- Series: Definitive Guides
- Paperback: 1096 pages
- Publisher: O'Reilly Media; 6th edition (May 13, 2011)
- Language: English
- ISBN-10: 0596805527
- ISBN-13: 978-0596805524
- Product Dimensions: 7 x 2.4 x 9.2 inches
- Shipping Weight: 3.9 pounds (View shipping rates and policies)
- Average Customer Review: 4.4 out of 5 stars See all reviews (270 customer reviews)
- Amazon Best Sellers Rank: #41,092 in Books (See Top 100 in Books)
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From the Author
My 10 Favorite Examples from this Book
These are ten of my favorites from the book. Note that many of these use new features of ES5 or of HTML5, and will only work in the newest browsers:
3) Example 9-16 defines a class hierarchy of abstract and concrete Set classes. This one is a favorite because it involves data types and API design. Chapter 9 includes a number of other Set examples, too.
4) Example 9-23 demonstrates the ES5 Object.defineProperty() method and defines a convenient way to inspect and modify the attributes of the properties of an object. It may not be practical, but I think it is a beautiful hack.
5) Example 15-10 is a simple stream-like API wrapped around the innerHTML property of an element. When you're generating text (a table, for example) for display it is sometimes easier to pass each chunk that you compute to a write() method than it is to concatenate it all together and set it on innerHTML.
6) Example 21-03 is an analog clock implemented as an SVG graphic with scriptable hands. I love client-side graphics, and this is a favorite of mine because making the hands rotate is so simple with SVG transforms.
7) Example 21-06 draws a fractal Koch snowflake using the <canvas> tag. I like it because it draws the same line over and over again, but uses transformations to make the line appear at different locations, orientations and sizes.
8) Example 21-13 is another graphical example: it draws sparklines (edwardtufte.com/bboard/q-and-a-fetch-msg?msg_id=0001OR). This one is a favorite just because sparklines are so cool.
9) Example 22-1 uses the HTML5 geolocation API to find out where you are then uses the Google Maps API to obtain a static map of your location. I like it because geolocation (via wifi networks) is just pure magic!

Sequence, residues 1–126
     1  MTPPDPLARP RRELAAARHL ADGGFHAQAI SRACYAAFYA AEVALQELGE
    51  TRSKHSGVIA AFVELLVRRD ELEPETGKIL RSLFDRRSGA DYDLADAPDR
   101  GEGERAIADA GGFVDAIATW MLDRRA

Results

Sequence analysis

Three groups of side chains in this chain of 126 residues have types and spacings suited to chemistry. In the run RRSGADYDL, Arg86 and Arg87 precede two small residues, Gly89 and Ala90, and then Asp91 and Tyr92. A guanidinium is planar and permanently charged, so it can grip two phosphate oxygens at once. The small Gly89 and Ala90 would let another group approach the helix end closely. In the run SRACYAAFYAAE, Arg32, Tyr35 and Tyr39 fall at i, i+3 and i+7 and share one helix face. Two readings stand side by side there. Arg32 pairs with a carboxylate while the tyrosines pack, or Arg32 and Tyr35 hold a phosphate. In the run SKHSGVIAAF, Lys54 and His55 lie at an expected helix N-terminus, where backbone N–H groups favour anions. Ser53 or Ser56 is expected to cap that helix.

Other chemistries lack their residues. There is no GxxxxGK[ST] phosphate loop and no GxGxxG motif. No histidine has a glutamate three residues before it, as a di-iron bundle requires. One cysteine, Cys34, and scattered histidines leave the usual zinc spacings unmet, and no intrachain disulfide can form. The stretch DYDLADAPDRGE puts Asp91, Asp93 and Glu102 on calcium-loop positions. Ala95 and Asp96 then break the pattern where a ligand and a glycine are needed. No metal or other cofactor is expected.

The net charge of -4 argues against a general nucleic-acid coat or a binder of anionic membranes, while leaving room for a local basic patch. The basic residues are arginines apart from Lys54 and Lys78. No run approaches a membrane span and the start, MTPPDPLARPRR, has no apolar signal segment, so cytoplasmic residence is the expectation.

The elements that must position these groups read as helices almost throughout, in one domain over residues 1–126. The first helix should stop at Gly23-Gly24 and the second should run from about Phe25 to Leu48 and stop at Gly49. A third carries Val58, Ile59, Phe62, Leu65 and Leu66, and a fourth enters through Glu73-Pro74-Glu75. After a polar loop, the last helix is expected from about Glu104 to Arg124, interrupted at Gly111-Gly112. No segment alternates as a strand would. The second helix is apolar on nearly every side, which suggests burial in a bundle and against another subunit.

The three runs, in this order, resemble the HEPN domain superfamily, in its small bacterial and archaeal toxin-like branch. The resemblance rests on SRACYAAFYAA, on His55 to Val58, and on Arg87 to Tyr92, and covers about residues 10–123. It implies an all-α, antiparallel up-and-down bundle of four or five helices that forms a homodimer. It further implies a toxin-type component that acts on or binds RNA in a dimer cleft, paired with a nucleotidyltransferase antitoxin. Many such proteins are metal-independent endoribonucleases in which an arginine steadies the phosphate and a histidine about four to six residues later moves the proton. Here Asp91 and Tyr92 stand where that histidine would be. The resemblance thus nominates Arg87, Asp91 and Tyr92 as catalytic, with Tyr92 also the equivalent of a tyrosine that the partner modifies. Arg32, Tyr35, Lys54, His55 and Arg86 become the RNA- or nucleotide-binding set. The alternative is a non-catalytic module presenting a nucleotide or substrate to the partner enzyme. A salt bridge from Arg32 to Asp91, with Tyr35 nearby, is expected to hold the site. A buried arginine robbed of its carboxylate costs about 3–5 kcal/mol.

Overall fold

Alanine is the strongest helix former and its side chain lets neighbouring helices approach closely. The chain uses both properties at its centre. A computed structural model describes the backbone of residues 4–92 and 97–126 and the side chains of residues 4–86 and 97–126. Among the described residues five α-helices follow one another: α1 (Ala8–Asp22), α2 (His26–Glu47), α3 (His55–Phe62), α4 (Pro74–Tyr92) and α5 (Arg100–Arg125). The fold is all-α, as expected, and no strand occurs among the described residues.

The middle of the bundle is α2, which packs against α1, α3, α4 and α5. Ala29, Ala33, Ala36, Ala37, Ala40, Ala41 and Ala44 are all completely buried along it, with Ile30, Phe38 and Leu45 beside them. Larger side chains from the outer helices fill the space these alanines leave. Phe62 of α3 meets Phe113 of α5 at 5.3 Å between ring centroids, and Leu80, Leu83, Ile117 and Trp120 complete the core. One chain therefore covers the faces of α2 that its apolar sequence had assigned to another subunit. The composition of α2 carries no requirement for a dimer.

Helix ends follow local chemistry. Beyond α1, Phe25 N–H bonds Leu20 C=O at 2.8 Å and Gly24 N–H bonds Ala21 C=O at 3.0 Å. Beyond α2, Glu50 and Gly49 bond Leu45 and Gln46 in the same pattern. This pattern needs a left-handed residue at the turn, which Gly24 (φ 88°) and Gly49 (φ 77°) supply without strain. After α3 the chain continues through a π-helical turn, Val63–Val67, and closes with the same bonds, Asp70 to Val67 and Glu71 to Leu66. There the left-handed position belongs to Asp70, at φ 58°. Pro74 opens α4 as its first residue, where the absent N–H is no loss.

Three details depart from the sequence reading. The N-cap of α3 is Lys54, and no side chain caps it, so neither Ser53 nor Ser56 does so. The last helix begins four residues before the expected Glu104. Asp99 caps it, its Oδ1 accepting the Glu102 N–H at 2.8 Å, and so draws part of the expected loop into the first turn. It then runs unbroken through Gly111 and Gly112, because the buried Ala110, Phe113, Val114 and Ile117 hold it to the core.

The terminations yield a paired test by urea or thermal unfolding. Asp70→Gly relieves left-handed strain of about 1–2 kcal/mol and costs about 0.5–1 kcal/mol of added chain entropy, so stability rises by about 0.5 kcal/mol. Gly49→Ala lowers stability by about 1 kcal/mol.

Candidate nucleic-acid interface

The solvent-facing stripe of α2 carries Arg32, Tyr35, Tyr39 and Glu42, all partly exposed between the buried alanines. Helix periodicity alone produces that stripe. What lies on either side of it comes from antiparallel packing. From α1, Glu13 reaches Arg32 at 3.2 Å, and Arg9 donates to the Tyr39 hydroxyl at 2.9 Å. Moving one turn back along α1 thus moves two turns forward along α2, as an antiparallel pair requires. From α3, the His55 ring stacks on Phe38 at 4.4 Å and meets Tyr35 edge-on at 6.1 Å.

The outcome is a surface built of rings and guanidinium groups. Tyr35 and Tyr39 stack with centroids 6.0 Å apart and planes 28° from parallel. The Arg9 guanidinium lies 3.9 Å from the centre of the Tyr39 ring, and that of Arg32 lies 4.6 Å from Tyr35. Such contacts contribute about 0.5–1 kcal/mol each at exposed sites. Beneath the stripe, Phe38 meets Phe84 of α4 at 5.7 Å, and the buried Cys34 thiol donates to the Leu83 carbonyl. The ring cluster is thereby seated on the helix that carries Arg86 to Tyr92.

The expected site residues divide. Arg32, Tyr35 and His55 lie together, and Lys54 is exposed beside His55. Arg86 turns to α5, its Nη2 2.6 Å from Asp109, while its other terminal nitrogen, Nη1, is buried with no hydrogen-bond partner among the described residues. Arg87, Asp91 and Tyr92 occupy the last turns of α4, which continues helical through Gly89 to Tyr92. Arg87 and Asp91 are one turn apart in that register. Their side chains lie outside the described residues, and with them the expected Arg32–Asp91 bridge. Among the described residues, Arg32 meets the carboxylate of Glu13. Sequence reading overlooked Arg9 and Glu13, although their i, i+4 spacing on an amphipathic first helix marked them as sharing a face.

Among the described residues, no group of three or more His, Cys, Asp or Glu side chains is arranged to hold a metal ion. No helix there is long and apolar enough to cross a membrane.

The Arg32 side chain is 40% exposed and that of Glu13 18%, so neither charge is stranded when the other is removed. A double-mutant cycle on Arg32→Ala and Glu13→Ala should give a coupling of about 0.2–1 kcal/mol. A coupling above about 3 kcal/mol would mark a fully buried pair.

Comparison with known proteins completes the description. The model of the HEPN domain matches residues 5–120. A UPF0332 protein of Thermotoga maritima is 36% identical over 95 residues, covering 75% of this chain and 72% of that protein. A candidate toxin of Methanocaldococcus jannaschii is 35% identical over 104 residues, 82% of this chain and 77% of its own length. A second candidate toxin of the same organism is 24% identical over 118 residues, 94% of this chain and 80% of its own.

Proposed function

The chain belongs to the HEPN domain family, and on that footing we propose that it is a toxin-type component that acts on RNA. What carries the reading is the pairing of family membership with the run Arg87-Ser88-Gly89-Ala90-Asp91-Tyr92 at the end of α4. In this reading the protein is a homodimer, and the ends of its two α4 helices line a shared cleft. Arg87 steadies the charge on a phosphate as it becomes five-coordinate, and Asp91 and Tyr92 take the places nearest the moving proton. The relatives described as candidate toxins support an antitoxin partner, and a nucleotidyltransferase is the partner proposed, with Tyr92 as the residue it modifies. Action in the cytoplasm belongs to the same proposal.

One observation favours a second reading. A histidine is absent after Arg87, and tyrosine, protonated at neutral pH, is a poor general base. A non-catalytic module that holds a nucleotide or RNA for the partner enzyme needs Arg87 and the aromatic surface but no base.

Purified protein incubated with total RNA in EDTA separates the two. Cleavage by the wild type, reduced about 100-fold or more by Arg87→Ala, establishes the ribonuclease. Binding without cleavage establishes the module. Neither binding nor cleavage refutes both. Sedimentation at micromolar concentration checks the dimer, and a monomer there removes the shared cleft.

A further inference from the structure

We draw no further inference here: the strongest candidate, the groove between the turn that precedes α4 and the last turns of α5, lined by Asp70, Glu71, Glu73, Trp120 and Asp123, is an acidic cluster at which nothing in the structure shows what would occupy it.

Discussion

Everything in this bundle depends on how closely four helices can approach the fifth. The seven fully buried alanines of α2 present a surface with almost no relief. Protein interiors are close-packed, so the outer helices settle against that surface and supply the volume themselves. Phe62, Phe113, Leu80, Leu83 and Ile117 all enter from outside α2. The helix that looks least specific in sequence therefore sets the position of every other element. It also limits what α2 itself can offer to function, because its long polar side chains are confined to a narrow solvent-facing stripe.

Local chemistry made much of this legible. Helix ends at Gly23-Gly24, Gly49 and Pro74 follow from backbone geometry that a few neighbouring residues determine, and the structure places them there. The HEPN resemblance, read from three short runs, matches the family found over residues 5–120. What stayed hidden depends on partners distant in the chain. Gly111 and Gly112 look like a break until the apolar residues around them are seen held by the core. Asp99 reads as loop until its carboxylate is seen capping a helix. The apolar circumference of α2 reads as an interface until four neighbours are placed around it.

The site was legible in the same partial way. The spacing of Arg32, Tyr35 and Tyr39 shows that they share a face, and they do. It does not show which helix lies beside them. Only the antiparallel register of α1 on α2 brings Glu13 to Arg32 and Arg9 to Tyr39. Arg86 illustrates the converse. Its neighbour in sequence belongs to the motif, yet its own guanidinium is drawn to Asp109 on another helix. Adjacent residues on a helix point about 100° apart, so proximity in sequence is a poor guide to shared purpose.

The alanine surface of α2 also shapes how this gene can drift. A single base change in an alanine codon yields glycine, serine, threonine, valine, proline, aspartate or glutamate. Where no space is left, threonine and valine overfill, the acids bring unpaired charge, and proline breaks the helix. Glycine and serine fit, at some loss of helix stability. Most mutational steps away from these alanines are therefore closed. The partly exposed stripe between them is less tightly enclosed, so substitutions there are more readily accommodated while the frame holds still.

10) Example 22-15 is a long example that demonstrates the IndexedDB API. I like it because the idea of a client-side database in a web browser is crazy and cool. This one is really cutting-edge, but if you're running Firefox 4, you can try it out here: davidflanagan.com/demos/zipcodes.html
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Top Customer Reviews
I know this all seems overzealous enough to border on the insincere, but for someone who always had a passion for technology and wanted to create his own, but was beginning to be deterred from it all because I thought it was simply above my grasp, I want to say thank you to David and O'Reilly.
They very may well have single-handedly created a new developer, and have dramatically changed my life in the process.
First, the sixth edition is the first I've read, so I can't speak to any changes. Instead, my review is focused on the book as a first-timer reader to the 'series.'
Historical information is also included, which I found to be very interesting when it came up, as well as implementation-specific functionality, that has limited use at this time (and as such, I personally found it distracting, and began skimming over later instances, but it's still nice that it's provided).
The jQuery information is around 60 pages of content, covers version 1.4, and also includes a bit about jQueryUI (a very little bit). It's quite refreshing to see jQuery included in the book, but as noted initially, if you're looking at focusing just on using a library, it may be better to get a resource focused on just that.
The second part is approximately 40% of the book.
The third and fourth parts are similar to O'Reilly's other reference books, and are therefore fairly detailed, with examples included. Depending upon your preference, you may find the reference valuable, or prefer searching online. The examples included give the book a slight advantage over the average Web site. Honestly, I generally prefer using online resources, so I don't see myself consulting these later parts very often, if at all.
Finally we come to the actual book itself. I received an electronic copy of the book, through the O'Reilly Blogger Review Program, so I can't speak to the quality of a physical copy. However, in the past I have generally found O'Reilly books to be well made, with bindings that last.
And now comes the rating.
This book seems to be highly recommended by all the big and well known names in JS Development.
Anyway,it's dense and not something you're going to get through fast.
I'm taking the approach my Calculus Professor recommended for 'reading a math text'. You read a math text with a pencil and paper. When presented with a proof you should work through it step by step with pencil and paper so that you can see the logic behind it, then try it out with some examples. Well, instead of pencil and paper I have my laptop next to me with the cloud9 IDE up (a great and simple browser based editor I'm growing fond of). As each new concept (at least, each concept that is new to me) is presented I try it out on the editor and print the output to the console. As I work through it and grasp what it does I "poke it with a stick" by trying some different things with it. I already feel like I have a better grasp of the basics then I ever did with my previous experiences.
I'm sure this book isn't perfect...I don't think that's possible in the world of technology books. But it's substantially higher quality than many I've read including $180 college texts.